Example: Bob was recruited for a job in San Francisco. After he was promised a starting salary of $150,000 and a three-year contract, he quit his job in Arizona, put his house on the market, and put a down payment on a condominium in the city. On his first day of work, Bob was told his salary would start at $90,000 and was handed an at-will employment agreement to sign. Because California recognizes fraud claims, Bob might have a pretty good case against his new employer.

An employee might also have a wrongful termination claim based on statements made during the hiring process. For example, if an employer promised that the applicant would have a six-month probation period to learn the job, during which the employee could not be fired, the employee could have a breach of contract claim if the employer ended the relationship sooner.

Claims Against a Former Employer

In some circumstances, a rejected applicant might have a legal claim against a former employer for preventing the applicant from getting a new job.

  • Retaliation. The laws that outlaw discrimination also prohibit employers from taking action against employees or applicants who have exercised their rights under these laws. These claims are almost always brought by employees who are fired, demoted, or otherwise punished for complaining of discrimination or harassment. However, an applicant who is not hired might have a retaliation claim against a former employer, if the applicant lost the job because of that former employer's retaliatory actions. For example, if the former employer lied about why the employee was fired, or went into great detail about the employee's shortcomings despite a policy of not giving references, a retaliation claim might be viable.
  • Blacklisting. A number of states have laws that prohibit employers from taking certain actions to prevent former employees from getting new jobs. Some prohibit employers from actually creating a circulating a "blacklist" (made up, for example, of employees who are union supporters). Others are less literal and prohibit a variety of actions a former employer might take to keep former employees out of the workforce. To violate this type of law, the former employer typically has to make threats or false statements.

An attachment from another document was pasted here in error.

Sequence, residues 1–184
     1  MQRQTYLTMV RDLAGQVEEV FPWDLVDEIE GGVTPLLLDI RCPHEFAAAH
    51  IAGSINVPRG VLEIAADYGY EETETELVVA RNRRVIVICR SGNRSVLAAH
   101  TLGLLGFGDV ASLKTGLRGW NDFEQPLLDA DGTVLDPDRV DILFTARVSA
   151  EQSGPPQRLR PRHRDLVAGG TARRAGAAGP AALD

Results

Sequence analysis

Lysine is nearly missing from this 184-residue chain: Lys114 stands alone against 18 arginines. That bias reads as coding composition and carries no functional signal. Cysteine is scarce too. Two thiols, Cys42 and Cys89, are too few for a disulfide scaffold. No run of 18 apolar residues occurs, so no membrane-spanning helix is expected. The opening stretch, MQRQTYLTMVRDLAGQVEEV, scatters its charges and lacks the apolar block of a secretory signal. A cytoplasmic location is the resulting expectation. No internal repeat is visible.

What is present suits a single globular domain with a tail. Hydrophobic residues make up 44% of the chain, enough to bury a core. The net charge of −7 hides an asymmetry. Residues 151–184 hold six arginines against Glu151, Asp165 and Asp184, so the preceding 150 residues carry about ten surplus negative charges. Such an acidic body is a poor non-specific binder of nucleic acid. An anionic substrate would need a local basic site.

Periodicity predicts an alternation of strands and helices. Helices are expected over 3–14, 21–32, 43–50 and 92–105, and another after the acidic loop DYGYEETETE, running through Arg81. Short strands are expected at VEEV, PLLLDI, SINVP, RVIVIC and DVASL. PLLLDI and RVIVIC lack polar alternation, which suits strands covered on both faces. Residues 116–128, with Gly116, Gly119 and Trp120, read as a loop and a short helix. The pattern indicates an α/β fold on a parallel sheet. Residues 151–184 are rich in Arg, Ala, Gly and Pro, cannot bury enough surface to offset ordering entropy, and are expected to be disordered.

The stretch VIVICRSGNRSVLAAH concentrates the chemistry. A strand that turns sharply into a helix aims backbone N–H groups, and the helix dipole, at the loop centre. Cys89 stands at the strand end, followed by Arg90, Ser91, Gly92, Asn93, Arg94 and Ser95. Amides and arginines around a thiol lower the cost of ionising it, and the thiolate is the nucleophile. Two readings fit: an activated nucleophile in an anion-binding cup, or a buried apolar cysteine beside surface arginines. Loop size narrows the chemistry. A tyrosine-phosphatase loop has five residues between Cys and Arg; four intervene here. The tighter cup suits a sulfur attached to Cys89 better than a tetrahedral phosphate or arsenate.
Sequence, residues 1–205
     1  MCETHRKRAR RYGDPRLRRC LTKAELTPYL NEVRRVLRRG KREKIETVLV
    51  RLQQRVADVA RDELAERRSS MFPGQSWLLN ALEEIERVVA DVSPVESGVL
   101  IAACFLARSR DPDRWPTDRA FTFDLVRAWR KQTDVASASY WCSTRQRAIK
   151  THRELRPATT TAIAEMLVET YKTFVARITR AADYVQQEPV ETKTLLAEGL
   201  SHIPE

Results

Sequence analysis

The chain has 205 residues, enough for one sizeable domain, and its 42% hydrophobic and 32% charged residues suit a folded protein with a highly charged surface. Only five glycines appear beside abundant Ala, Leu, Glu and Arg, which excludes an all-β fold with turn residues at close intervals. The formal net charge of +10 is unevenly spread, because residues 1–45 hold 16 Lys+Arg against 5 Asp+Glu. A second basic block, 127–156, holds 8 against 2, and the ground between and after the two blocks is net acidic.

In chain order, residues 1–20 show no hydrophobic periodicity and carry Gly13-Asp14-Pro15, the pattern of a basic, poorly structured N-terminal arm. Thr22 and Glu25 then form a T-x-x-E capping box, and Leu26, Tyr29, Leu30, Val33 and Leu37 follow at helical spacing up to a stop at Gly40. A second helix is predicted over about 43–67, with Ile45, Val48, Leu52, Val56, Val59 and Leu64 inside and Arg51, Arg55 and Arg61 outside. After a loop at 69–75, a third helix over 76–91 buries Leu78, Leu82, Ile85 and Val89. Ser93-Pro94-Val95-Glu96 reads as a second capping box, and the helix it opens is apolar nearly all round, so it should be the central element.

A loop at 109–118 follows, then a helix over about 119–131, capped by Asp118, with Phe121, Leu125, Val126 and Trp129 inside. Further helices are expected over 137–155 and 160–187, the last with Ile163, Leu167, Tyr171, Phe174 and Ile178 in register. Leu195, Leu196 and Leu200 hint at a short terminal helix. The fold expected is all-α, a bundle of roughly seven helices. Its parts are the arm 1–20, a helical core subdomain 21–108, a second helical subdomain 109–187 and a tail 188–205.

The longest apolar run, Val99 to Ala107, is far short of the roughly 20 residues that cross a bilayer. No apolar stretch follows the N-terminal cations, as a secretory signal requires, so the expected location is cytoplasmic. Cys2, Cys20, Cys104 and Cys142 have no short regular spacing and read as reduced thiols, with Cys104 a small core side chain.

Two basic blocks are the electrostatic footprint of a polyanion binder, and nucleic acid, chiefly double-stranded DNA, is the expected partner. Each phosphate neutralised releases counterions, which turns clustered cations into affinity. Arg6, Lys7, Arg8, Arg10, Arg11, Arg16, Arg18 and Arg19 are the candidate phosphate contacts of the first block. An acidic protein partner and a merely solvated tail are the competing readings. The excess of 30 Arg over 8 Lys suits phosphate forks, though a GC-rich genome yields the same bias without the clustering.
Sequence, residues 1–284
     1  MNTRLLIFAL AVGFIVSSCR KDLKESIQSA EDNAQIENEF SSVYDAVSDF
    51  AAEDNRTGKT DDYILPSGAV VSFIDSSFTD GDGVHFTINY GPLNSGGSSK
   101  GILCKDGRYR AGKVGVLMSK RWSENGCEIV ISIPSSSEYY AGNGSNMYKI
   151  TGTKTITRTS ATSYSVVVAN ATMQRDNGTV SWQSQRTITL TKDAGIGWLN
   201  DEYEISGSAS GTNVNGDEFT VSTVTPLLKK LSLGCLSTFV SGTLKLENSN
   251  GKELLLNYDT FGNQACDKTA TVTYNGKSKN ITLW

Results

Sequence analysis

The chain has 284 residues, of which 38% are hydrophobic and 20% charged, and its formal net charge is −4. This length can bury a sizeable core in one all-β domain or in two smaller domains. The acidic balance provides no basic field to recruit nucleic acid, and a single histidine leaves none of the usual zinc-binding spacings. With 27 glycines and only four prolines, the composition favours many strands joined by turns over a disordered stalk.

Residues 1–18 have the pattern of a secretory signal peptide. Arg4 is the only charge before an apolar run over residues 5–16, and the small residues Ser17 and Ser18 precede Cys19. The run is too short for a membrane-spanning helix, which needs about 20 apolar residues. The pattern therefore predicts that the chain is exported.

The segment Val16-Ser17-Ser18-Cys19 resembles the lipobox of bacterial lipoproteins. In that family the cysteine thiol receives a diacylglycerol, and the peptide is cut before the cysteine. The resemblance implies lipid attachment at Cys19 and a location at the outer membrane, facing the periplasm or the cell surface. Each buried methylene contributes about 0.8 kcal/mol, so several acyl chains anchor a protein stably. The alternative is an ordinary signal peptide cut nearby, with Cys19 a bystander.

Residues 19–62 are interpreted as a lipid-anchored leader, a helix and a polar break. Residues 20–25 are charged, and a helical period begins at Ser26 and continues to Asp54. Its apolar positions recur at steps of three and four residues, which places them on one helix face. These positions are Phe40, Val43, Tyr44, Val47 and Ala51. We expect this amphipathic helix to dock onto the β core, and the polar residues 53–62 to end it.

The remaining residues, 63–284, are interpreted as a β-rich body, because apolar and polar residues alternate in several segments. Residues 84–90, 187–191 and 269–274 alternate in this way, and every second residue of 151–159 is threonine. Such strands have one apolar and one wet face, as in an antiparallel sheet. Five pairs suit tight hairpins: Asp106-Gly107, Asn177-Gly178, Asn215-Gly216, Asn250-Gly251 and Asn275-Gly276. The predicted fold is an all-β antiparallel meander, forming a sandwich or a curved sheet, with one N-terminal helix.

• Defamation. If a former employer intentionally makes a false statement that damages your reputation and/or prevents you from getting a job, you may have a defamation claim. However, if the former employer's statement is true – no matter how bad – or made in good faith, your case won't get too far. For more information on defamation claims, see Defamation Lawsuits: Do You Have a Case Against a Former Employer?

Next Steps

Despite all these potential legal theories, there aren't many hiring lawsuits filed – and even fewer are won. There are a few reasons for this, but it mostly boils down to proof. It's hard to know – and harder to prove – why an employer turned down a particular applicant. Often, an applicant is left with strong suspicions but little hard evidence, particularly if the applicant doesn't have any personal contacts within the company.

As a result, applicants who believe they were passed over unfairly have a particularly tough road ahead – and can really benefit from legal advice. A lawyer can help you figure out whether it's worth pursuing a legal claim for failure to hire. And, if you pursue an administrative charge or a lawsuit, you'll be able to use the discovery process to gather evidence that might support your claims.

If you are considering a lawsuit, you should talk to a lawyer right away. There are time limits for filing an administrative charge (which you must do before you can bring a lawsuit for discrimination or retaliation) or a lawsuit.

To assist the lawyer in assessing your chances, bring every document you have relating to the hiring decision. If you responded to an online post, print out a copy. If you have an offer letter, rejection letter, copy of your application and resume, or any other paperwork, bring that along as well. And make notes of any conversations you had, such as your initial contact with the employer, your interview, or a call to tell you that you didn't get the job.